Paul Wedgwood on Brink

Paul Wedgwood on Brink

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Brink was one of our favorite games during GamesCom. We spoke to Paul Wedgwood to get more background information about the interesting features of this upcoming shooter.

Hooked Gamers: The S.M.A.R.T. system looks to be a godsend to anyone who has ever been frustrated during a game by silly two feet high fences that could not be negotiated in any way. Brink uses 'context' sensitive actions that will let your character jump over a fence just by running towards it. Another great example during the demonstration was the ability to slide under or climb over a security gate based on whether the player is looking up, or down. Do you have any other cool examples of S.M.A.R.T. in action?

Paul Wedgwood on Brink
Paul Wedgwood: Absolutely – let’s start with advanced players. As a skilled player, I can use combos that take into account my velocity, whether or not I’m using the SMART button, and a real-time dynamic trace of the geometry surrounding me. Based on this, the game is able to interpret what I’m trying to get done, so if I approach a table and I’m sprinting and look above it, I’ll vault and slide over the top. If I sprint towards it, look down and hit crouch, I’ll slide underneath. If I jog towards it and hit jump, I’ll step-up in a fluid single motion, while if I walk towards it and hit jump, I can jump up. Equally, if I sprint towards a wall and look up, I can mantle up and over. As I’m climbing up, if I hit jump, I’ll wall-jump away. As my first hand comes free, I can start shooting, and as my second comes free, I can reload. The system does not put you into a set animation, but instead uses a blended animation so you can interrupt it at any time. You’re in control of the direction too, so in that sense it’s a little like an advanced jump button – we’re just taking the pain out of the fact that you can’t see your feet, but adding in far greater control about what you can and can’t do.

Now from the newbie angle, it’s subtly different. In all our past shooters, if we wanted to allow you to jump a table, we had to make it a certain height. If we wanted to allow you to climb, a Level Designer needed to put an entity there. If something wasn’t done right, you couldn’t jump high enough, or climb, or go prone, and it was just frustrating – it was completely artificial. This solution often relied on simply stripping all the detail from a map because it got in the way of combat.

With SMART, the new player coming in to the game can now negotiate much more complex objects in the map, meaning that our Level Designers can place far more detail too, and this means that advanced players also get to make much better use of cover. In play-tests it’s win-win for everyone, and perhaps more amazingly, it’s actually frustrating to go back to our old shooters and play that way. SMART movement is smart.

Hooked Gamers: Brink's story is certainly intriguing, somewhat reminiscent of the movie "Waterworld" but with a sci-fi touch. We know how The Ark came to be inhabited by its populace but little is known about how the resistance and police came to be at odds with one another. Can you tell is a bit more about this aspect of the storyline?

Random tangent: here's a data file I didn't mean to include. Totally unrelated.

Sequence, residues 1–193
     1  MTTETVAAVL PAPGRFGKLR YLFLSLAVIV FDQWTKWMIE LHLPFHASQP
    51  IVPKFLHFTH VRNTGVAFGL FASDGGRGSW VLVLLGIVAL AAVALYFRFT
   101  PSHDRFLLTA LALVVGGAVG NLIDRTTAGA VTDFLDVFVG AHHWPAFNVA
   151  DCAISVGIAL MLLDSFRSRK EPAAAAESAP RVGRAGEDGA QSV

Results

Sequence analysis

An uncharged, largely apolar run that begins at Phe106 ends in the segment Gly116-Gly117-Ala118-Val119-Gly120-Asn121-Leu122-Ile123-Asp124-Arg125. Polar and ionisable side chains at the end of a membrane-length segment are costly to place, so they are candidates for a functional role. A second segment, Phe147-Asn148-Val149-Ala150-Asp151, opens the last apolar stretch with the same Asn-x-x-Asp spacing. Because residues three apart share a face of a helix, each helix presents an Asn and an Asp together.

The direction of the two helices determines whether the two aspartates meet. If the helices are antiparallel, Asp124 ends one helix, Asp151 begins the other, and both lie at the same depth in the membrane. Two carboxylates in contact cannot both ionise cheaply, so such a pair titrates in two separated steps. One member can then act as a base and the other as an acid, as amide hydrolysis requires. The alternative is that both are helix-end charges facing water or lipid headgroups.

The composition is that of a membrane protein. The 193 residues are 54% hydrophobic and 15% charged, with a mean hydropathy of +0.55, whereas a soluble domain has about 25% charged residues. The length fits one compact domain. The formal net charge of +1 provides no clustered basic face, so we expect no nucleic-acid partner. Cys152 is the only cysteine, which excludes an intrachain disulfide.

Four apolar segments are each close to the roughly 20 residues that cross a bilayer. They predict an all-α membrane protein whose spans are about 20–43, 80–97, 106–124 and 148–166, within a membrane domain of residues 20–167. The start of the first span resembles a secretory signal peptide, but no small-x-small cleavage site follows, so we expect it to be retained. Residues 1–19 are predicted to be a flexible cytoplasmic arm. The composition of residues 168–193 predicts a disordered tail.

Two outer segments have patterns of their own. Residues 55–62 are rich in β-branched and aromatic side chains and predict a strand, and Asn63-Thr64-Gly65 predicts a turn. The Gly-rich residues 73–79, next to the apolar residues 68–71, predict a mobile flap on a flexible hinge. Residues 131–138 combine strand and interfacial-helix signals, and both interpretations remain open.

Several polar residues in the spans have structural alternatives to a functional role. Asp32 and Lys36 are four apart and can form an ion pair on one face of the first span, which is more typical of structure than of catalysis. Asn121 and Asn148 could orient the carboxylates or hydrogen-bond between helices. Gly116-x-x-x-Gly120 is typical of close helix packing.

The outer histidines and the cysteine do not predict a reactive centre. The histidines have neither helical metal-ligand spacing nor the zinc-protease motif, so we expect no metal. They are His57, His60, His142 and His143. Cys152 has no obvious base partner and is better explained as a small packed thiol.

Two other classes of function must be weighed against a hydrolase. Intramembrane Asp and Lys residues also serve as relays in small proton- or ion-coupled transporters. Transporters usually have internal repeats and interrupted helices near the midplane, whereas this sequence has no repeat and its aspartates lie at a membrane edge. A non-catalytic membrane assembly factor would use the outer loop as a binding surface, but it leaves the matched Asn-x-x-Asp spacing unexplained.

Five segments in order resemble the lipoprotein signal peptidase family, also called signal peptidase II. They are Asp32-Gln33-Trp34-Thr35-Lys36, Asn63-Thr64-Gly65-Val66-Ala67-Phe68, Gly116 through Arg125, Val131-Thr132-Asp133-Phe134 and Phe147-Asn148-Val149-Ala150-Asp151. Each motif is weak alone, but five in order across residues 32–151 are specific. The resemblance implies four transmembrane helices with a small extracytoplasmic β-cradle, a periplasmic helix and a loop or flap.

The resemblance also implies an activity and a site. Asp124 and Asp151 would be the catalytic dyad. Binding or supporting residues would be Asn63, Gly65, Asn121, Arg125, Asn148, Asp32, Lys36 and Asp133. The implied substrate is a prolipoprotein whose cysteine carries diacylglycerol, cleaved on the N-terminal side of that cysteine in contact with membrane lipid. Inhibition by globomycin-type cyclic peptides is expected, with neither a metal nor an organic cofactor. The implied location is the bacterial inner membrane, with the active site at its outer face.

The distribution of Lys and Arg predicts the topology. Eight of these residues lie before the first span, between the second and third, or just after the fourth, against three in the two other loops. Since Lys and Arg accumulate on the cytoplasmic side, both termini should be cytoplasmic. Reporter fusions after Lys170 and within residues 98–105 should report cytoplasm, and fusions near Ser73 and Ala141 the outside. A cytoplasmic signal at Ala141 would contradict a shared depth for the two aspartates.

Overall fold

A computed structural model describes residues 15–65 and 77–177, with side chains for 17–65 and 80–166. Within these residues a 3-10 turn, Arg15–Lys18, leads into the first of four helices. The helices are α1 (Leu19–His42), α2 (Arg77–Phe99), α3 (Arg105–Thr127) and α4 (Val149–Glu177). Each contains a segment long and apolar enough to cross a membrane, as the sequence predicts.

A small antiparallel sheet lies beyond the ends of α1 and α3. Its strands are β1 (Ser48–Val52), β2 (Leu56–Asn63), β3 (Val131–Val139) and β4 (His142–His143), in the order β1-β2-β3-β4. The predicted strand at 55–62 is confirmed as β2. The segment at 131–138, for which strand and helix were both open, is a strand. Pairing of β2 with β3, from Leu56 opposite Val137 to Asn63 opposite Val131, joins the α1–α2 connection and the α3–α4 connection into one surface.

Paul Wedgwood: I’ll let Ed ‘BongoBoy’ Stern, our Senior Gamer Designer and Writer answer that one… Here’s his answer:

The Ark was originally intended to be a proof-of-concept demonstration of sustainable development, zero-carbon living, powered by renewable resources. The plan was to build a poster-child for sustainable development. Much like the similarly visionary Arcosanti project, the Ark ran out of money and remained embarrassingly unfinished. Control of the Ark project was then wrested by venture capitalists who rebranded it as a Ten Star luxury eco-resort catering to celebrity/billionaire guests.

Paul Wedgwood on Brink
As the worst fears about global warming were confirmed, the Ark was found by ships crammed with refugees fleeing the chaos caused by the rising sea levels. So the Ark, which was only ever designed to support 5 – 6,000 inhabitants suddenly had to house ten times that number. The term “Guest” which had once referred to the handful of celebrities who flew in for eco-photo-ops was now used euphemistically to describe the Ark’s new refugee inhabitants. All contact with the outside world was lost.

The Ark was never designed to support so many people, or for so long. After years of living in cramped, unsafe surroundings, on minimal water rations, many Guests simply don’t believe that all contact has been lost with the outside world, or that life doesn’t continue elsewhere, on safe dry land with plenty of room for everyone. In some ways it’s a disagreement over resource allocation. The Security are responsible for maintaining things as they are and preventing the Guests achieving by force what they’re unable to achieve peacefully. By 2045, when Brink is set, Ark’s Security force are taking an increasingly hard line with Guest dissent, while both political and military wings of the Guest Resistance are escalating their demands for better conditions and to see for themselves what’s over the horizon.